"Data" is the plural form of "datum," but I don't hear people say, "The datum shows that..." (datum is singular, thus an "s" is needed), though I do hear people say, "The data show that..." (data is plural, thus there is no "s" there).
Most people say, "The data is..." which is grammatically incorrect because "data" is plural and "is" goes with a singular subject. It just sounds better, which is why it's more common.
So should grammar matter in this case? Picky editors will change it, but it's jarring to read or hear. I'm sure people who hear the "correct" version think it's incorrect. So for instance, someone might be watching a scientific show and hear an expert say, "The data are..." and wonder why such an educated person is misusing that word, when they're really being grammatically correct.
Data has become a victim! (or more correctly: Data have become victims!)
If you want to get even more confused over this, in the surveying world, datum's plural is datums.
You mean like surveying land (the guys with the equipment who stand in random places near roads), or the kinds of surveys that people answer?
Surveying land. A datum is an axis you measure along. If you measure along more than one of those, they are datums.
Cool--one of those facts that only nerdy people would appreciate. :)
Those wonky plural forms for latin words are a pain, even for us educated folk! I mean, how was I supposed to know that the plural of 'corpus' was 'corpora' (I got my knuckles rapped by my linguistics prof for that!). For a full list, I recommend this site.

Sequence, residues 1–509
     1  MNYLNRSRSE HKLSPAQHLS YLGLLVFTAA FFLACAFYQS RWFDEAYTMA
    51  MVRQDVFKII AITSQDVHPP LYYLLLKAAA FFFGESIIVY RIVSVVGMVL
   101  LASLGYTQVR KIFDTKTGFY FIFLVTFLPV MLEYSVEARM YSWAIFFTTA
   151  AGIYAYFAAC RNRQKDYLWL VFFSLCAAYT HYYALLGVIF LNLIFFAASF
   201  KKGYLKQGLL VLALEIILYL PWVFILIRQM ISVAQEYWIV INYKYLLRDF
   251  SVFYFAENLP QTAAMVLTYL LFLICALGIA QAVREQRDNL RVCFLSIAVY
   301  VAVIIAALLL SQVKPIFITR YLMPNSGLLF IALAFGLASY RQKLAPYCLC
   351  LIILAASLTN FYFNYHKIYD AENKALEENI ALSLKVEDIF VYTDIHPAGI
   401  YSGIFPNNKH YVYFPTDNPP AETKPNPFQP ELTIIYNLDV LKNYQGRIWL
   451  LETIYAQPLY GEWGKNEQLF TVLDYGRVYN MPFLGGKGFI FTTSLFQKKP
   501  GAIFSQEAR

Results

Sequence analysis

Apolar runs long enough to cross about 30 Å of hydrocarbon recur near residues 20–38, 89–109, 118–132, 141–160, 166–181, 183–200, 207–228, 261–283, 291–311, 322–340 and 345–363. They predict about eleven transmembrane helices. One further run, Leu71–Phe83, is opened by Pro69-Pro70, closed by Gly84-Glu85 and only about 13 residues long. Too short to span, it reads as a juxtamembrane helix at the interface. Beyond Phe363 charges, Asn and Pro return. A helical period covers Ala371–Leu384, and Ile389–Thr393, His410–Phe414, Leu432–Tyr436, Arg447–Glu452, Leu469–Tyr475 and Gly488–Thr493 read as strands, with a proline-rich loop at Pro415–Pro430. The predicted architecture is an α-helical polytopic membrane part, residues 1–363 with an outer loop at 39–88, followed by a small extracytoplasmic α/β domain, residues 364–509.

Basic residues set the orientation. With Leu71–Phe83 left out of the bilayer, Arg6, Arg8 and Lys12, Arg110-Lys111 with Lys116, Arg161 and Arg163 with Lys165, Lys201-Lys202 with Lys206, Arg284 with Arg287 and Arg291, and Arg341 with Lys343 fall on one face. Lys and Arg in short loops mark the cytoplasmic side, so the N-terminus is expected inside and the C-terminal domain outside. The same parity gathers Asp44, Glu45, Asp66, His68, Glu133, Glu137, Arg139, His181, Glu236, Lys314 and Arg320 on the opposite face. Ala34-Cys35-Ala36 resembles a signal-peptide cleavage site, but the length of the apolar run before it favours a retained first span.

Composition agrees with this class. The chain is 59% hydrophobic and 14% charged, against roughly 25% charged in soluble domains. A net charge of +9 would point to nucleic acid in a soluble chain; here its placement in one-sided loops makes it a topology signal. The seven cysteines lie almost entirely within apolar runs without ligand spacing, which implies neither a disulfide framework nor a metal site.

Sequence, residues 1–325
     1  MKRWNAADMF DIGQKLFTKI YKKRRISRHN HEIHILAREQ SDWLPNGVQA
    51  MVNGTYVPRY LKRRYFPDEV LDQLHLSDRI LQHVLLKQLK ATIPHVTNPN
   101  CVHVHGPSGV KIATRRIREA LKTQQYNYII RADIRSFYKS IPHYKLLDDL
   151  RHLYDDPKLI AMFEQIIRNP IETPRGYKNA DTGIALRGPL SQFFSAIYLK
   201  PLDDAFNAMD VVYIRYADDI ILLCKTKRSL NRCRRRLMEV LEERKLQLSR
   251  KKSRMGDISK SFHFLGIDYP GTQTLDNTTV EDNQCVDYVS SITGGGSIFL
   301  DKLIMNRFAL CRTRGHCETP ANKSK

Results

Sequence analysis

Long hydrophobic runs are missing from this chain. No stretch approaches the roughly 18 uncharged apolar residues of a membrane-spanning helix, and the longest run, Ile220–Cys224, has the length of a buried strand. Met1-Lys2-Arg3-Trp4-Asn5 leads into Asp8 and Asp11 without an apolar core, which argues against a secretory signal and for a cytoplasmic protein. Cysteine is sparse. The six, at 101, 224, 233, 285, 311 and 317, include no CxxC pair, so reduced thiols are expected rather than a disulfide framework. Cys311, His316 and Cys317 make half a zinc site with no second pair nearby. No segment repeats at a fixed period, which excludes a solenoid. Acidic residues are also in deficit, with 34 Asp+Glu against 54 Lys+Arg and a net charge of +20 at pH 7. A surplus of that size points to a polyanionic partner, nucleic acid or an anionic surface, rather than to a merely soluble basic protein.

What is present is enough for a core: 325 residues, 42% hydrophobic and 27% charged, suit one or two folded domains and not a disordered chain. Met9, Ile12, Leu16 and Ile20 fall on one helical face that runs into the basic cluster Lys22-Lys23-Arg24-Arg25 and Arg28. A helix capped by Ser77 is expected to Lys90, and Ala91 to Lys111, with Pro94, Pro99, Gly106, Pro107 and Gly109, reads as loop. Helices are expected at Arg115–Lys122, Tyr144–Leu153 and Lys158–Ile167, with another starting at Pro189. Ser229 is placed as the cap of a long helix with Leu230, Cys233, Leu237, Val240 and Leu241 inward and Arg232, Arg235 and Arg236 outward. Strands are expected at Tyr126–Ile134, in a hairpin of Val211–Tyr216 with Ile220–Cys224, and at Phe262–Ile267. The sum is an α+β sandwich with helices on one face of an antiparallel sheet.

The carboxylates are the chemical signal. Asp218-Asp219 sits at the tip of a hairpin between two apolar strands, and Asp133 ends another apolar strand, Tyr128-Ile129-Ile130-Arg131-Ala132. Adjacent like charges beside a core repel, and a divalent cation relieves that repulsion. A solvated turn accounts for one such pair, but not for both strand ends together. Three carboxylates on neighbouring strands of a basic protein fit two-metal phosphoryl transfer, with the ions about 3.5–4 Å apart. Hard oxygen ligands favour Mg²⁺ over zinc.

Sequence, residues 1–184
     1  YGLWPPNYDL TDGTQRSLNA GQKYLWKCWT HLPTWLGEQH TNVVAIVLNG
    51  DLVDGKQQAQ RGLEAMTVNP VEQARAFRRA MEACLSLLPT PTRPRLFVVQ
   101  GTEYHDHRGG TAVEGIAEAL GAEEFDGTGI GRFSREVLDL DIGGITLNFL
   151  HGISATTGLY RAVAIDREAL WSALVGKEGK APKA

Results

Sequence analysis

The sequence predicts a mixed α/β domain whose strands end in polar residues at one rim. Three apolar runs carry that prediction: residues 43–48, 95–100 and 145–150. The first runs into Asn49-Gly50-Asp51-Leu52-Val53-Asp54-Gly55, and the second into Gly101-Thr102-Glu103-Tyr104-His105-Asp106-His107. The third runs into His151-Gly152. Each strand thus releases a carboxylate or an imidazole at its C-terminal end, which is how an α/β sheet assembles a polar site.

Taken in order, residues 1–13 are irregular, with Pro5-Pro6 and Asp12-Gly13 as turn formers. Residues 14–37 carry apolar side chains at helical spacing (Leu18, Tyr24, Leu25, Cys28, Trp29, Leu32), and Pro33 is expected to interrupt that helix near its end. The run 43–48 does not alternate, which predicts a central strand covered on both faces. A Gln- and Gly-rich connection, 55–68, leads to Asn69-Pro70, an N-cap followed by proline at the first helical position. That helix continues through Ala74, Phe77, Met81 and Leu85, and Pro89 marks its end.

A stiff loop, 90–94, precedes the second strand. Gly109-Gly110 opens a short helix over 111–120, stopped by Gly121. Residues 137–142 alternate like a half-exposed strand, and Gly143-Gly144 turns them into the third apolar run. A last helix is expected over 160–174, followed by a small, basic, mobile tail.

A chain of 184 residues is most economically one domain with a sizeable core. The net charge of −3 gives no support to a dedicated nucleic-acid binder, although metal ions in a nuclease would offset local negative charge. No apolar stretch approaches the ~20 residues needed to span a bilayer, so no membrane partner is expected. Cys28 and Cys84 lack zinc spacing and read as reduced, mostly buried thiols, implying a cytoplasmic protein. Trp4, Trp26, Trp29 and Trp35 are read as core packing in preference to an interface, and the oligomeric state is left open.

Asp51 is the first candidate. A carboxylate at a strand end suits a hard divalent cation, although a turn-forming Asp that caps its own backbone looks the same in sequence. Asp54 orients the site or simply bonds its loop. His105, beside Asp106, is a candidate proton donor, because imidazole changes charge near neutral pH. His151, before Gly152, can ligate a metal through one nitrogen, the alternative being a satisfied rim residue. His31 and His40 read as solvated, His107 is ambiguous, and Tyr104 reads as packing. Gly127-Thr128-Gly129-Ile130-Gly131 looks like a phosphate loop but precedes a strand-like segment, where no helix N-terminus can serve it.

I appreciated your 'data have become victims'. That example clearly illustrates that it seems so awkward to see a plural adjective for 'data'!
Cool site. I should do a post about that.
The argument could be made that "data" was incorporated into the English language but "datum" got left behind. (I used top have a running argument with my neighbor over using "kimonos" in English....)
Hardly anyone would know that "kimonos" is incorrect cuz you have to know that there aren't any plurals in Japanese.
And I would argue that 'kimonos' IS correct in English, although incorrect in Japanese. When a word is borrowed into any language, the matrix language morphology/phonology can do what ever it pleases!
For instance, did you know that the word 'curfew' is from French 'couvre-feu'? (The 'couvre-feu' was the time of night when you were required to cover the fire before going to bed).
Check out Shana Poplack and read some of her articles on code-switching and borrowing. Fascinating!!
Yeah, kimonos is correct in English because it's not Japanese--when it moves into another language they can do whatever they want.
I had no idea that curfew came from that French word. Much to be learned from the Arrogant.
MJ and Arrogant Polyglot: Wanna join me and gang up against my neighbor? ;)
Sure--the weapons will be dictionaries and grammar books.
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